Essays on FedEx Corporation - Total Quality Management Case Study

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The paper "FedEx Corporation - Total Quality Management" is a good example of a business case study.   FedEx Corporation is of the leading firms in the air transport industry. The company has been able to maintain its high status in the air industry due to its ability to consistently increasing the range of products and services that it offers to its clients. Other companies involved in the transport of cargo in the air transport include FedEx Express, UPS, Airborne Express and the U. S postal service. The activities of these companies are controlled by the Federal Aviation Act and the Federal Communications Act.

The firm was founded by Frederick W. Smith initially as an air cargo firm that concentrated in overnight parcel delivery on a door-to-door pattern using its own planes. The strategy employed by the firm involved collecting all the packages to one central point after which they were sorted out and redistributed to their owners. The packages would be transported by trucks to their destinations. The initial financing of the company was done through loans and equity investment that Smith sought from investors.

Smith raised $72 million that enabled the firm to begin transporting parcels from 13 airports in 1973. Although the firm was threatened by bankruptcy after a year of its operation, Smith was able to raise an additional $11 million that put the firm back to its feet in 1976. Smith was able to raise these amounts of money due to his ability to impress investors. During the Arab oil impediment, Smith was able to get more funds from investors. He even proceeded to lobby for the deregulation of the Civil Aeronautics Board ruled that prevented FedEx Express from using larger aircraft in service delivery.

Smith became the chairman, head and CEO of FedEx of Corporation after the former President Art Bass left together with five former vice-presidents. The firm is at the present led by David J. Bronczek and employs around 96,000 permanent full time employs and 53,000 permanent part-time employees. The firm’ s mission is to produce huge financial returns for its shareholders as it services it, clients, with the best quality services possible. The firm’ s general strategic plan is based on principles such as extending the strength of its brand name, leveraging a reasonable focus of competitive differentiation and offering a single point of access to clients for sales, customer service and automation systems.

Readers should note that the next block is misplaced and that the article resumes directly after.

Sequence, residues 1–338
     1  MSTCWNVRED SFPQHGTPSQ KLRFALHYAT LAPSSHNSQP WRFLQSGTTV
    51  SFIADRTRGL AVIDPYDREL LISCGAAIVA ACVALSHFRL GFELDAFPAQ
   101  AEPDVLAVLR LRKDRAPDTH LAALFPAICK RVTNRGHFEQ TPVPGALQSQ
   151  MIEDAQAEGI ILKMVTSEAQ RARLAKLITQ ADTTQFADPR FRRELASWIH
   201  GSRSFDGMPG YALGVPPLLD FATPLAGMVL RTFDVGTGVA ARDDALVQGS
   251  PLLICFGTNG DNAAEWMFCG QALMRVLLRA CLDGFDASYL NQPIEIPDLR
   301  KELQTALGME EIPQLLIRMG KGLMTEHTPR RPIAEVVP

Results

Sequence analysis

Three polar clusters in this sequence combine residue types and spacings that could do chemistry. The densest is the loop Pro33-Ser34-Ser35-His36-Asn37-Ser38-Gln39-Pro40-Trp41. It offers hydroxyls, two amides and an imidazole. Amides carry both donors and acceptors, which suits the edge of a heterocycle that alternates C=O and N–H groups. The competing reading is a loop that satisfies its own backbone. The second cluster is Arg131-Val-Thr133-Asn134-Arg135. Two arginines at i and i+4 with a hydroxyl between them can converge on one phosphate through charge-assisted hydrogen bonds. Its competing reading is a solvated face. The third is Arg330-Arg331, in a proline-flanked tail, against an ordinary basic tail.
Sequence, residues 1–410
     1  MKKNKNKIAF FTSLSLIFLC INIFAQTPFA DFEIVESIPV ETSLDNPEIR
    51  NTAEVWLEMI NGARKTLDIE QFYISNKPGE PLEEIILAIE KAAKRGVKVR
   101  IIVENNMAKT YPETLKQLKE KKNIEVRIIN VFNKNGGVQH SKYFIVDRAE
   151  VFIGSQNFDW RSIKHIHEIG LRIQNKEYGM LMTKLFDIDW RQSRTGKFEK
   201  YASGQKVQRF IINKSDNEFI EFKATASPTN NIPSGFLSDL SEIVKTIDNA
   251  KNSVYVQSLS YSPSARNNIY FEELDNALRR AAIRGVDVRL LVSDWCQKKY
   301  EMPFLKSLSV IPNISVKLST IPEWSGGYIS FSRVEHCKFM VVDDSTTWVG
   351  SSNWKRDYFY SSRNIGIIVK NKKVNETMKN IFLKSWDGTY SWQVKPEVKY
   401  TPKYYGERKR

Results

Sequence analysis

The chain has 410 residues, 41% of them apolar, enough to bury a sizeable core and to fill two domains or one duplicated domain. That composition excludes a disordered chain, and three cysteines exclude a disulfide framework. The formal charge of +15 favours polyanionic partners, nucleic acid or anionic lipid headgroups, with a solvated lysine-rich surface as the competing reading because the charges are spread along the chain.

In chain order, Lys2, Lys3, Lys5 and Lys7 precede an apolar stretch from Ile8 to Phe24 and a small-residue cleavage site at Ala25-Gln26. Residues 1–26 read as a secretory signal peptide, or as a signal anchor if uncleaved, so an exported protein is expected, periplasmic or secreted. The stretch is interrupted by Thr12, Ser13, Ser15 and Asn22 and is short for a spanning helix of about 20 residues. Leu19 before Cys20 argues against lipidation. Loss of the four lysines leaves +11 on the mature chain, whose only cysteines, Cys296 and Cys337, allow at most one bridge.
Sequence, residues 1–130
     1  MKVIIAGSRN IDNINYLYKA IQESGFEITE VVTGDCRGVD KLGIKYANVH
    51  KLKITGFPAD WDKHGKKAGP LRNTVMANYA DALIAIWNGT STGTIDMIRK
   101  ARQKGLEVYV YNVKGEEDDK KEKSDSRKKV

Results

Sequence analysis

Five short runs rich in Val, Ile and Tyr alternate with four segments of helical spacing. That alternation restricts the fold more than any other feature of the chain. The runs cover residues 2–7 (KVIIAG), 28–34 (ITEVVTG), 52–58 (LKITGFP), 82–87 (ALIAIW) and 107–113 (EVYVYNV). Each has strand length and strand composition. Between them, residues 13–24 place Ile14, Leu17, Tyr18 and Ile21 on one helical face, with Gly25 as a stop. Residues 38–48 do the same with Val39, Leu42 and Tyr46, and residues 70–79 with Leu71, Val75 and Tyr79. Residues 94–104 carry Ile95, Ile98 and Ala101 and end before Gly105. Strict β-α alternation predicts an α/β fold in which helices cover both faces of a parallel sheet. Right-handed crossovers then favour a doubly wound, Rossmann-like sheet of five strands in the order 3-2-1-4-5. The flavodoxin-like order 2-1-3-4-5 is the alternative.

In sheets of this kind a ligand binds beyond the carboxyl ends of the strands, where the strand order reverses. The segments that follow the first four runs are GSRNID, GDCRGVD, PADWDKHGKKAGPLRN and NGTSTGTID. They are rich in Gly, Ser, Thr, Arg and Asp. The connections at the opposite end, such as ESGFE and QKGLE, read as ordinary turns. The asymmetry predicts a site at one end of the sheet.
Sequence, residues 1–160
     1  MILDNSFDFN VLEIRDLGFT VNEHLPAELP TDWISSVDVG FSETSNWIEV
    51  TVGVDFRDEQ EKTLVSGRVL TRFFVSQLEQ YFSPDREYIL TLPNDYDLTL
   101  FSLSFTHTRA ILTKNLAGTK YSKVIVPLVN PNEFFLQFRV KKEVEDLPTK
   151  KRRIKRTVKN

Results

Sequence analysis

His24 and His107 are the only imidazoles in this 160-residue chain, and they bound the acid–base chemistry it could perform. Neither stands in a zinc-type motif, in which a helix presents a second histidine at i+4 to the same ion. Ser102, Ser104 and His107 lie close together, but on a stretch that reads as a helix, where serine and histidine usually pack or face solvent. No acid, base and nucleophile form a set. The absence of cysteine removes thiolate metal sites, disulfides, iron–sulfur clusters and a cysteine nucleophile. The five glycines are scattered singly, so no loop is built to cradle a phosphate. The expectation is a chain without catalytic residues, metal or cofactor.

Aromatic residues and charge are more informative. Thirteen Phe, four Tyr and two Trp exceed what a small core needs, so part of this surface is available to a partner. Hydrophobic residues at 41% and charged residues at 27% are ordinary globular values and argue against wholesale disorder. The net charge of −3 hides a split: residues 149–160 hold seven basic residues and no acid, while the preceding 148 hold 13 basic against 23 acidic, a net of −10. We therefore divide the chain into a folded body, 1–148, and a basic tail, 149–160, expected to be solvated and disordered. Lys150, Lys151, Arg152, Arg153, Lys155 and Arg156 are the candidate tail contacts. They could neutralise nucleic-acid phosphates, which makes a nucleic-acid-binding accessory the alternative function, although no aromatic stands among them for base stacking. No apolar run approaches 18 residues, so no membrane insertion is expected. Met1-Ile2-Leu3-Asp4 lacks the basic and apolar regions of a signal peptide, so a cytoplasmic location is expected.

The plan is aimed at generating an additional volume of its services, attracting new ventures for small and medium-sized clients, establish new revenue streams, utilize e-commerce and offer appropriate supply chain solutions. Other firms that compose the FedEx Corporation include FedEx logics, FedEx Custom Critical, FedEx Trade Networks and Viking. The firm has five headquarters located in various countries in the world.

The firm’ s operations are aided by a satellite and telephone network called COSMOS. The network offers proof of delivery data an electronically re-produced airbill for the clients. At the present, the firm offers overnight delivery services such as FedEx First, FedEx Priority and FedEx Standard Overnight. Some of the acquisitions that the firm has made include purchases of assets in Island Courier Companies, East-West Couriers, LTD, Yuill Courier Services, LTD and Transport group Alvarcht. Some of the major competitors in the industry include UPS that offers transportation services for small parcels and U. S portal Services that competes in the overnight parcel delivery.

The firm has excellent human resource and programs policies that assist in achieving its objects.

Works cited

Armstrong, M. A Handbook of Human Resource Management Practice (10th ed.). London: Kogan Page, 2006.

Baumol, W. J. & Wolff, E. N. Downsizing in America: Reality, Causes and Consequences. New York: Russell Sage Foundation, 2003.

Cascio, F.W. ‘Strategies for responsible restructuring’, Academy of Management Executive, Vol.16, pp. 80–91, 2002

“Part-Time Employment: Rea¬sons, Demographics, and Trends,” Journal of Labor Research, summer 2005, pp. 275–92

Redman T. & Wilkinson A. Downsizing in IT. New York: SAGE, 2004

Wilkinson (eds). Contemporary Human Resource Management, London: FT/Prentice Hall, pp. 356-381

Tyler M &Wilkinson A. The Tyranny of Corporate Slenderness: Understanding Organizations Anorexically, Work, Employment and Society, 21: 537- 549, 2006

Wilkinson, A. ‘Downsizing, rightsizing and dumbsizing: quality, human resources and sustainability’ Total Quality Management Volt 15 no 8, 2004

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